The head of the estate - Count Walter J. Blazkowicz - had noticed a gradual change in his wife since childbirth.

It was; naturally; to be expected, said every physician that was summoned to the Blazkowicz manor over the past three months since. He thought it was odd that Sylvia had called so many of them to see either her or their son. The baby - according to what little of him the Count saw between his work - seemed fine.

But then he began to notice a change. A change in his wife, Sylvia Rosa Blazkowicz.

Her green, beautiful, mettle-laden eyes were now dull with worry. Her hair; otherwise a bright, fiery, scarlet satin; was now streaked with silver here and there, enough to catch the light of their dining hall chandelier every night when the couple did meet in between their trying schedules.

'Another physician.'

The Count's jaw dropped. 'Dear, that will be the fourth in four months! What is it? What's the matter?'

Sylvia shook her head, pallid as she placed the tips of her fingers against her forehead, an elbow propped tiredly on the dining table. 'It... it isn't for me.'

'Then what is it?'

With an uneasy bite of the lip, she looked her husband dead in the eyes and said, 'I think there's something wrong with our son.'

Sylvia wasn't the type to make jokes, no less such tasteless ones. After all, she was a woman of exceptional standing, from a house far better than the Blazkowicz's that produced the best and most skilled fighters in the Imperial Army.

So when she mentioned to the Count that the physicians were brought here not for herself, but the only known heir to the Blackowicz name, Walter understood immediately that this was no matter to be left untouched.

Holding his trembling wife to console her, the Count decided the following day to see the problem for himself. Not that he knew what to expect. When he had asked Sylvia for the details she went worryingly quiet, prompting the worst possibilities to Walter's mind.

Was he sick? Was it a skin disease? Asthma? Measles? Tuberculosis?

The last few notions dropped a cold weight in the Count's belly as he made for the child's room, stalking the large estate the following morning like the man on a mission he was. And when he arrived, the first thing he noticed was the lack of laughter or crying. All he heard was the cooing of maids and nannies, and when he entered, how they huddled around a corner of the room.

The sight was ominous. Even more so when they pulled away slowly at the Count's arrival, all staring at him solemnly despite their earlier merriment with the baby.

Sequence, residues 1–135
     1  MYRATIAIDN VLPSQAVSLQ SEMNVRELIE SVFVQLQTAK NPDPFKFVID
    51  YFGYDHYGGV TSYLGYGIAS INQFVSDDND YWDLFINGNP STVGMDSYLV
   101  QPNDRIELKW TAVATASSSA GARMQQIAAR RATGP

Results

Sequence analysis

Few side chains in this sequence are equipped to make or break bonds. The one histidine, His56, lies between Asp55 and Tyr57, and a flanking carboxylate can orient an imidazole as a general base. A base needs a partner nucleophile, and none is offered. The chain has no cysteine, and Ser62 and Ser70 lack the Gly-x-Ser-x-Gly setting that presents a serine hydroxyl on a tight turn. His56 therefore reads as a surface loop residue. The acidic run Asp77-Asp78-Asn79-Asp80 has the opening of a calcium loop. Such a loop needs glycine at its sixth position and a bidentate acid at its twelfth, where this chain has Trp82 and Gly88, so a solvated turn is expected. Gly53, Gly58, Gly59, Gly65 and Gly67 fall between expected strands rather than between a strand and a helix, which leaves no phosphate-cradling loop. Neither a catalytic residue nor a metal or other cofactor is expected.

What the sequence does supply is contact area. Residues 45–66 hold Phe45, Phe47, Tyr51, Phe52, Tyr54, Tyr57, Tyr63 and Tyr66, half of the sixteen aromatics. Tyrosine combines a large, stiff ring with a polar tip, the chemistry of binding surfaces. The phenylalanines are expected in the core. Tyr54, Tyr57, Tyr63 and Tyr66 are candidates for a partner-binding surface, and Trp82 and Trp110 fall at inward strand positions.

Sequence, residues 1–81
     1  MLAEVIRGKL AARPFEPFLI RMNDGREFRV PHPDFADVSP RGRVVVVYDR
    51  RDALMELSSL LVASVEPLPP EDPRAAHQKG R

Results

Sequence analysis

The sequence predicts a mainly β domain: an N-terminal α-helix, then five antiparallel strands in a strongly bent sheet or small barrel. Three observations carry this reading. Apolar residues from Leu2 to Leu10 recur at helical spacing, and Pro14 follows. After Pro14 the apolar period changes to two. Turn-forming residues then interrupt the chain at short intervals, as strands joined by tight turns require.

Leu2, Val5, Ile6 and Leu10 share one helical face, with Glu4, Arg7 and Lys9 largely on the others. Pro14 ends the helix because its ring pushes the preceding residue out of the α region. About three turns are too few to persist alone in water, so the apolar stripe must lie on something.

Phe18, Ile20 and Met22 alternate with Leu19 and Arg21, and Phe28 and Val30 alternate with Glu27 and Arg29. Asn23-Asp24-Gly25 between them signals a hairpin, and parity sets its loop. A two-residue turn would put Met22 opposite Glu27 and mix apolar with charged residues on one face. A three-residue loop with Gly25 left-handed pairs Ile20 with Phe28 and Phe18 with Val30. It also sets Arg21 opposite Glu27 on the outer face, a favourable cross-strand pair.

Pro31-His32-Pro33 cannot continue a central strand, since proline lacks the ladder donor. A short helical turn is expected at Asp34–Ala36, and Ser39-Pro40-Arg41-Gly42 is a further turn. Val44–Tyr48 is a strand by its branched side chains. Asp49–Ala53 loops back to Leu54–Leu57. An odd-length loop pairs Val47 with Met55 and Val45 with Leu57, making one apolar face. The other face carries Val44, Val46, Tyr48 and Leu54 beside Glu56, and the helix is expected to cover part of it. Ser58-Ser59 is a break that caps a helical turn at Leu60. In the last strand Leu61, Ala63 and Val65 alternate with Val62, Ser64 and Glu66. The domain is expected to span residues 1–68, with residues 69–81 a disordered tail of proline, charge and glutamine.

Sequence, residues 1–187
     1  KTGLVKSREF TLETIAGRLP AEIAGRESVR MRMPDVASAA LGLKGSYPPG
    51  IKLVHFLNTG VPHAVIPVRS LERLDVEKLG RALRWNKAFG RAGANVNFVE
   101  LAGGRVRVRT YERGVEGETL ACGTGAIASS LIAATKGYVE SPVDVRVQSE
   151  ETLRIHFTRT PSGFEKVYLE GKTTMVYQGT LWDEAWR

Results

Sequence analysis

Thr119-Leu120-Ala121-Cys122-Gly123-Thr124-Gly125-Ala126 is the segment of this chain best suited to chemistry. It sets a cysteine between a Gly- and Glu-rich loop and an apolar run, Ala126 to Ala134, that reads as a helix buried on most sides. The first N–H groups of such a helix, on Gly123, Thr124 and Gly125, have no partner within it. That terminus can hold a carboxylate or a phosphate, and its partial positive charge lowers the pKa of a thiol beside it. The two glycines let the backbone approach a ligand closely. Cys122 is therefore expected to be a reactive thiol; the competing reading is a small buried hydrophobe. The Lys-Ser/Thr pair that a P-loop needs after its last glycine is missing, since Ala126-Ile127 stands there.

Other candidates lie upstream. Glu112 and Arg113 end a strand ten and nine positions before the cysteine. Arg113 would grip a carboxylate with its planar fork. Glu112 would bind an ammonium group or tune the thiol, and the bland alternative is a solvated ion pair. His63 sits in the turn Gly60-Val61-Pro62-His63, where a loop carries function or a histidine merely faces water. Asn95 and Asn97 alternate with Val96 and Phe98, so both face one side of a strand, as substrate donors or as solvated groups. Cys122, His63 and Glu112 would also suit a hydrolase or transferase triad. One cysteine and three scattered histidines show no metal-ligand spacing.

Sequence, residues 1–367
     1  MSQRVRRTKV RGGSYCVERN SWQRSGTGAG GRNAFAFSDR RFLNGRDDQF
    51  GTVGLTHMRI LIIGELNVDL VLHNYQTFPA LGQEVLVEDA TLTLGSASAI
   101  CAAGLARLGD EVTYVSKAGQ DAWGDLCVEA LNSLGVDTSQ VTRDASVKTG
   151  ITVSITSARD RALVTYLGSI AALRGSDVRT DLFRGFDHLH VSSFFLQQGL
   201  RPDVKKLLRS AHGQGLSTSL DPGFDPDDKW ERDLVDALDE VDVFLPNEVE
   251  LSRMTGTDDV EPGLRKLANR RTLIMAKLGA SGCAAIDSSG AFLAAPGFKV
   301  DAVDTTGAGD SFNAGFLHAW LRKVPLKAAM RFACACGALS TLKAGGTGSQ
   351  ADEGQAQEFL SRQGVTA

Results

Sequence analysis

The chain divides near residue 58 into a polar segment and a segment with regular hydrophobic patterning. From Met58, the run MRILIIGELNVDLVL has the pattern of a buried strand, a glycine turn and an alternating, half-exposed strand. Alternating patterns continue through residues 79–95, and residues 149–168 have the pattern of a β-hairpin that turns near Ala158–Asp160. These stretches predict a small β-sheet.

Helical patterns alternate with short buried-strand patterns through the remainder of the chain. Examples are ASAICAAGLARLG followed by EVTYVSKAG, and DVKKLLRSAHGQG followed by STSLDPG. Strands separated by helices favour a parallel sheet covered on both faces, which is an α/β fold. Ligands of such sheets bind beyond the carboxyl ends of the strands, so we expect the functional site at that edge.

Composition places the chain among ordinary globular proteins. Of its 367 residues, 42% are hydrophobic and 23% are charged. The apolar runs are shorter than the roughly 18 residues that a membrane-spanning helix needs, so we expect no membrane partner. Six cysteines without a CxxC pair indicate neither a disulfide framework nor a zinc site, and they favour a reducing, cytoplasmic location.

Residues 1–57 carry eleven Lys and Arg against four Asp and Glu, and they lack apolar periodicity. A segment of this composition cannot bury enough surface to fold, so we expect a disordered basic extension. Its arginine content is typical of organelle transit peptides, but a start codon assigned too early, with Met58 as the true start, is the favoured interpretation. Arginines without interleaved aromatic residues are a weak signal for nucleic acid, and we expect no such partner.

'What's going on here?' he asked, approaching the cot near them. 'Where is my son?'

'My lord,' they greeted in unison, assuming a similar pallid as his wife. 'The young master is awake.'

'Then? What seems to be the cause of all the long faces?'

Before any of the maids could answer, the Count stood over the crib. And when his eyes met the infant's, he somehow knew what the answer to his question would be; his own complexion blanching and body tensing in a strange and unfamiliar way. A way looking at a baby - and his own son, of all things - shouldn't have. Definitely shouldn't have.

The child was stock-still in between the patterned variety of blankets around him; his small, chubby hands forming tight fists at his sides. And where an array of delightful expressions ought to be were instead firm, pursed lips; the otherwise curious and innocent eyes that a baby should have had were dreadfully aware. They were green like his mother's, and burned into the Count the longer he looked, staring in considerable horror when he realised that the child didn't... feel like a child. That this baby felt like... something else. Someone else.

The notion was so frightful and ludicrous that the Count turned quickly from the cradle and to the maids, sweating and tense.

'What... why is...?'

The Count's reaction was almost identical to the nannies and even the Countess herself when they realised something about the baby was... different. So much so, that it was almost relieving that the head of the house himself was shaken by the sight of it.

'We've tried everything to get him to smile, but nothing has worked on the young master, my lord.'

'The only time he cried was the day he was born,' one of them explained sombrely. 'But after that, he... became like this.'

'Toys?' the Count asked, stunned. 'Does he play with toys? Perhaps none of these are to his liking... throw them out! Every last one! And buy him a hundred more at once!'

'My lord, he doesn't play.'

'The young master barely shows any interest in them.'

The Count could scarcely believe his ears. And so stunned, so shaken by this revelation, he collapsed to the shriek of maids who rushed to bring him a chair, steadying him as he sat, gripped by terror and concern. It was no wonder his wife reacted so. And where he only properly saw the baby once, she spent weeks and months with him, most likely nursing a child that hardly reacted to his own mother.

'Please do not fret so, my lord,' one of the nanny's murmured. 'I'm sure this is just a passing phase. Perhaps give the young master a little more time to adjust.'

'Adjust? To infanthood?' he echoed in disbelief, silencing the maids again. 'No... no, this will not do. Prepare me a carriage!'

'My lord?'

'What this child needs isn't time, but divine intervention,' he said, standing up with newfound vigour. Or perhaps it was desperation. 'To the church!'

A/N: Hey everyone. I'm posting here after so long that I'm struggling to figure out how to add a double space, like is it even possible? LOL. Anyway, apologies for that technical difficulty!